An audiologist is a health-care professional specializing in identifying, diagnosing, treating and monitoring disorders of the auditory and vestibular system portions of the ear. Audiologists are trained to diagnose, manage and/or treat hearing, tinnitus, or balance problems. They dispense, manage, and rehabilitate hearing aids and assess candidacy for and map cochlear implants. They counsel families through a new diagnosis of hearing loss in infants, and help teach coping and compensation skills to late-deafened adults. They also help design and implement personal and industrial hearing safety programs, newborn hearing screening programs, school hearing screening programs, and provide special fitting ear plugs and other hearing protection devices to help prevent hearing loss. Audiologists are trained to evaluate peripheral vestibular disorders originating from inner ear pathologies. They also provide treatment for certain vestibular and balance disorders such as Benign Paroxysmal Positional Vertigo (BPPV). In addition, many audiologists work as auditory scientists in a research capacity.
Audiology (from Latin audīre, “to hear”; and from Greek -λογία, -logia) is a branch of science that studies hearing, balance, and related disorders. Its practitioners, who treat those with hearing loss and proactively prevent related damage, are audiologists. Employing various testing strategies (e.g. hearing tests, optoacoustic emission measurements, videonystagmography, and electrophysiologic tests), audiology aims to determine whether someone can hear within (high, middle, or low frequencies) are affected, to what degree, and where the lesion causing the hearing loss is found (outer ear, middle ear, inner ear, auditory nerve and/or central nervous system). If an audiologist determines that a hearing loss or vestibular abnormality is present he or she will provide recommendations to a patient as to what options (e.g. hearing aid, cochlear implants, appropriate medical referrals) may be of assistance.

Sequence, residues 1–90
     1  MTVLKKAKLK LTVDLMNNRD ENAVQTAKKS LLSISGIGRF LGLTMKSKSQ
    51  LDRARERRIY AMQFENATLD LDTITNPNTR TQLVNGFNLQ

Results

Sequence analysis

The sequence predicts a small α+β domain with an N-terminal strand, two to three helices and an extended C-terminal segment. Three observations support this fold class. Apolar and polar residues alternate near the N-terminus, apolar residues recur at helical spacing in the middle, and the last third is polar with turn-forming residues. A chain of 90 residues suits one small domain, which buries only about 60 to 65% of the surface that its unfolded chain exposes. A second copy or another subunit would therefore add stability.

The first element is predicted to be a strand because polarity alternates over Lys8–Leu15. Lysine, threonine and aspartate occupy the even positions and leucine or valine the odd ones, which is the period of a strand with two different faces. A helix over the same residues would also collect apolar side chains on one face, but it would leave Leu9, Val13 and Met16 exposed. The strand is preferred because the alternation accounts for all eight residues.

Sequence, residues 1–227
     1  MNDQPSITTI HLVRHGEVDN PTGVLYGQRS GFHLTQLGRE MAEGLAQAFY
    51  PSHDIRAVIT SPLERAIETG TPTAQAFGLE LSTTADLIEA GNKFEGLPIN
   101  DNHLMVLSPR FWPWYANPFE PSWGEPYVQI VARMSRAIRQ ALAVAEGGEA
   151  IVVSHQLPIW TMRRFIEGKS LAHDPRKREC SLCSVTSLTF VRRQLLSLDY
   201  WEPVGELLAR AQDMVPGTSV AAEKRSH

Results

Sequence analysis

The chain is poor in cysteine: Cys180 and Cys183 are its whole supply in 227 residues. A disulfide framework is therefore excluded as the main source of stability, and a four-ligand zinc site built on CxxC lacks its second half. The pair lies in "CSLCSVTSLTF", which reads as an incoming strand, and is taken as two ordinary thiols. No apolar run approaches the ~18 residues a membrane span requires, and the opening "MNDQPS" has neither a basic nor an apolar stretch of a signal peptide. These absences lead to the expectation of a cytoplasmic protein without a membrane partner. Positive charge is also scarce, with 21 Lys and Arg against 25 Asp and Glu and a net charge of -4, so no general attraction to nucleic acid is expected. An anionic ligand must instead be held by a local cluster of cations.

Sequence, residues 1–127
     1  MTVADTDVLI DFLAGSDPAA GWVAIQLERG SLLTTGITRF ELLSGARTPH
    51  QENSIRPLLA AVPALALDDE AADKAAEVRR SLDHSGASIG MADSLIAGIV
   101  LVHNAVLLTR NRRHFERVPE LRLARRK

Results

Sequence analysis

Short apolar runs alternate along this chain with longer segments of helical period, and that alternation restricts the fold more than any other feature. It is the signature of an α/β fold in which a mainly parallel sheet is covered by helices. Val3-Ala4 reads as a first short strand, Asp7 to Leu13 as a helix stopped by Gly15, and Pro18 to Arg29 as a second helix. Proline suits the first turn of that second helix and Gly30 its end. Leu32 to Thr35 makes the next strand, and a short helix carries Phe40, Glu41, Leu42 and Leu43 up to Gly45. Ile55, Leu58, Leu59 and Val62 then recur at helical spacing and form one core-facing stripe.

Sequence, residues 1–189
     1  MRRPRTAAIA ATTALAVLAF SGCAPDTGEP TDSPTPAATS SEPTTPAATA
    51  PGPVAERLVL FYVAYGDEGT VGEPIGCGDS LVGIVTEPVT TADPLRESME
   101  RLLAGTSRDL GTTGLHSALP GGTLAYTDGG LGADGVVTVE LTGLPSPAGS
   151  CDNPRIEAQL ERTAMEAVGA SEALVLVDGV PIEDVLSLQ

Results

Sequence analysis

In addition to testing hearing, audiologists can also work with a wide range of clientele in rehabilitation (individuals with tinnitus, auditory processing disorders, cochlear implant users and/or hearing aid users), from pediatric populations to veterans and may perform assessment of tinnitus and the vestibular system.
In the United States, audiologists are regulated by state licensure or registration in all 50 states and the District of Columbia. Starting in 2007, the Doctor of Audiology (Au.D.) became the entry-level degree for clinical practice for some states, with most states expected to follow this requirement very soon, as there are no longer any professional programs in audiology which offer the master’s degree. Minimum requirements for the Audiology degree include a minimum of 75 semester hours of post-baccalaureate study, meeting prescribed competencies, passing a national exam offered by Praxis Series of the Educational Testing Service, and practicum experience that is equivalent to a minimum of 12 months of full-time, supervised experience. Most states have continuing education renewal requirements that must be met to stay licensed. Audiologists can also earn a certificate from the American Speech-Language-Hearing Association or seek board certification through the American Board of Audiology (ABA). Currently, there are over 70 Audiology programs in the United States.